After weeks of being the showpiece of the holiday season, your Christmas tree is looking a little, well, tired. Maybe it’s due to your dog drinking all the water from the stand, or numerous attacks from your toddler trying to take off all the ornaments. But it’s a few days past Christmas, and now your tree is tilting and totally dropping its needles. So when it’s time to say toodles to your tannenbaum, you’ll need to know what to do with your Christmas tree post holidays — and there are plenty of options.
How to recycle artificial Christmas trees
Although it’s served your family for many years, at some point, an artificial tree loses its luster. Or perhaps your family wants to upgrade to something bigger and better, or downsize to something smaller and sweeter. Still, it’s kind of sad to see your Christmas tree, once the crowning symbol of the holidays, tossed into the trash. But if you’re not planning to use your Christmas tree again, you might want to see it have a more fitting end than going into the garbage.
Thing is, not all artificial Christmas trees are created equal, and while some can be recycled, others can’t. If your faux tree contains the plastic compound polyvinyl chloride (PVC), it might not be recyclable. Contact your local department of sanitation, garbage collector, or recycling programs to find out if they’ll accept it, since some parts of the tree (such as the base or trunk) can be recyclable. Just be sure to strip the tree of any tinsel, garland, or lights, though.
Otherwise, look into donating your artificial Christmas tree. Places that might take it include churches, daycare centers, as well as charities that may be able to sell them. And organizations like The Christmas Tree Project will give donated trees to families in need.
How to repurpose artificial Christmas trees
If you can’t find a place to take your old tree, (and you love doing some DIY), then an artificial Christmas tree offers lots of creative options that will make the holidays next year even more beautiful. Here are some ideas on how to repurpose your artificial Christmas tree for next year:
- Spray paint it to give it a new look
- Tie together individual branches to create a garland
- Repurpose some of the branches to make another tree look more full
- Save the top section to display as a mini tree next year
- Twist branches into circles to create napkin rings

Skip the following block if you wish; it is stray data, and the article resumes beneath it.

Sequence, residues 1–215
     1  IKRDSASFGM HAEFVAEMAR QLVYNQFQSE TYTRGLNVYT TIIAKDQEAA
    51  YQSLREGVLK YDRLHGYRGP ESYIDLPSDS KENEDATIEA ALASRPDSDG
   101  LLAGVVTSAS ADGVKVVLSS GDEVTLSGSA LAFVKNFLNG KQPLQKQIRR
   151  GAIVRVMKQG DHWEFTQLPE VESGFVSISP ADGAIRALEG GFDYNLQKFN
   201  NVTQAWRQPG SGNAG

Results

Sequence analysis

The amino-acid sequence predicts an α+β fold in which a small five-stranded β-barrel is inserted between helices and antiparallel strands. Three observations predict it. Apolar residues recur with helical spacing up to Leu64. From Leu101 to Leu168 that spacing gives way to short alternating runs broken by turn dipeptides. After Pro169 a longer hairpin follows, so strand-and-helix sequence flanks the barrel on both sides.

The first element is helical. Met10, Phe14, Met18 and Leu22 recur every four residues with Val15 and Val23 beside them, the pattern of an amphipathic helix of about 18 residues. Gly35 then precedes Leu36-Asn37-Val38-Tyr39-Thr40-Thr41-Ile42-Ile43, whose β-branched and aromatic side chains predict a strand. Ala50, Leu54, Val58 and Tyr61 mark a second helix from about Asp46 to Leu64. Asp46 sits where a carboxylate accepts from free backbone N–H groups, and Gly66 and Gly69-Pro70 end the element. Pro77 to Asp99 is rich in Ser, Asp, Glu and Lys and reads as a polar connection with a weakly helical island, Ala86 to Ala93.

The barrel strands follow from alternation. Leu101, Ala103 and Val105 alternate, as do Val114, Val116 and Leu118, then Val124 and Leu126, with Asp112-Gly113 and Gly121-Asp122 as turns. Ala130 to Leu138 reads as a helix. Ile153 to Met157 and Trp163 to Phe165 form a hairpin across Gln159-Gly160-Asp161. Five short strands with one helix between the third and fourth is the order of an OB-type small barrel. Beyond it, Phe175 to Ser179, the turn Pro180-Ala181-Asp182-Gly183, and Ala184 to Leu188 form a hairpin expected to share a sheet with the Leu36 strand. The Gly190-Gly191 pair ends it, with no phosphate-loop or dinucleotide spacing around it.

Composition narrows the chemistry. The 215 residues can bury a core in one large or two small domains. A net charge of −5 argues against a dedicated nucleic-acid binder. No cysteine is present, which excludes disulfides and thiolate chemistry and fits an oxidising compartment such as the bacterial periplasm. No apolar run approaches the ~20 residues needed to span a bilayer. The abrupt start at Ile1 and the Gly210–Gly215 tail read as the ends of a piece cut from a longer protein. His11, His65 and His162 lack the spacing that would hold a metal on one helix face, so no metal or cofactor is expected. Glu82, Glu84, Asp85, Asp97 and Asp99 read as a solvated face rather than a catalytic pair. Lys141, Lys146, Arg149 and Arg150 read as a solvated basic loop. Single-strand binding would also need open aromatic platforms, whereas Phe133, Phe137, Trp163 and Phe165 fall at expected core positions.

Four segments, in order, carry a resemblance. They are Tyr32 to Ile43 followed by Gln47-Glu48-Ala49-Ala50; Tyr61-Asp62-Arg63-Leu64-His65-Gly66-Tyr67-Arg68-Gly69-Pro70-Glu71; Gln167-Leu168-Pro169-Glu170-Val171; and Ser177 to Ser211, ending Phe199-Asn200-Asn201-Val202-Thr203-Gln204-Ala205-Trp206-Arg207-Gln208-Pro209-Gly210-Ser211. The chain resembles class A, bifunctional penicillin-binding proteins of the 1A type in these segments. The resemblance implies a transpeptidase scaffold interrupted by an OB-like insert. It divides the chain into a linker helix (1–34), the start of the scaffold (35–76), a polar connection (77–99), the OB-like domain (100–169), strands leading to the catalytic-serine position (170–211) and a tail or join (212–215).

What to do with real Christmas trees after Christmas
If you don’t want your real Christmas tree to end up in a dump, there are ways to recycle some (or all) of it to make something new, pretty, and purposeful.
- Make some mulch
When you have a real tree (and a wood chipper), reap the benefits of all that organic matter by making some mulch to use around the bottoms of trees and other shrubbery, or to line a path in your garden. Not only can they provide some much-needed insulation, but it might help prevent the process of the soil thawing and freezing, which can be a plant killer. You could even simply lay branch pieces around the base of your plants if you can’t get them shredded
- Recycle your tree
Some cities will host a recycling event to collect all the dying Christmas trees in the area and turn it into mulch.
- Get aromatic
There’s no denying how delicious a fresh tree smells. Make your own sachets by stripping some of the fallen needles into a bag and tie a festive ribbon around it. Place it in a drawer or other area to make it smell like the holidays all over again.
- Donate it to a farm
Who knew that a Christmas tree could be served as a yummy snack? Well, some local farms will take real trees to feed to their animals. Call ahead to see if your farm is in need and what their donation requirements are.
- Help create a living habitat
Your local Department of Conservation might accept a real tree to help wildlife habitats — or just create your own by leaving it outside during the winter, when animals and birds can nest in it. Stock it with some snacks (like slices of fruit, seed cakes, or bird food) to keep those critters fed and comfy in the cold.
- Burn it in your outdoor fire pit
Use some branches from your Christmas tree to start an outdoor fire. But you should never burn your tree indoors. Why? Well, a byproduct of burning wood is creosote, and the stuff can solidify and stick to your chimney liner. And since creosote is highly flammable, (as is a dried-out fresh Christmas tree that is full of sugary sap), the combination of the two can cause a fire to quickly ignite and become out of control — with potentially catastrophic results.
- Work the branches into a wreath
If you’re sentimental about your Christmas tree and don’t want to just toss it just yet, save parts of it to create a wreath or garland.
- Use the branches as stakes.
Instead of buying wooden stakes to help support growing plants, use the branches of your tree instead. Be sure to strip the branches of needles and place the branches about 2-3 inches away from the stem so that you don’t risk hurting the roots.
- Turn it into compost
Add your tree to your compost pile, and eventually, it will naturally decompose. The smaller the pieces, the faster the matter with break down, so break down the branches first, or better yet, run it through the wood chipper.
After the holidays are over, your real Christmas tree can definitely be disposed of. But if it’s artificial, you can give it a new life by becoming a part of your holiday décor or donating it so that it brings joy to a new family’s home. And in that way, the gift of Christmas can continue on well into the winter and beyond.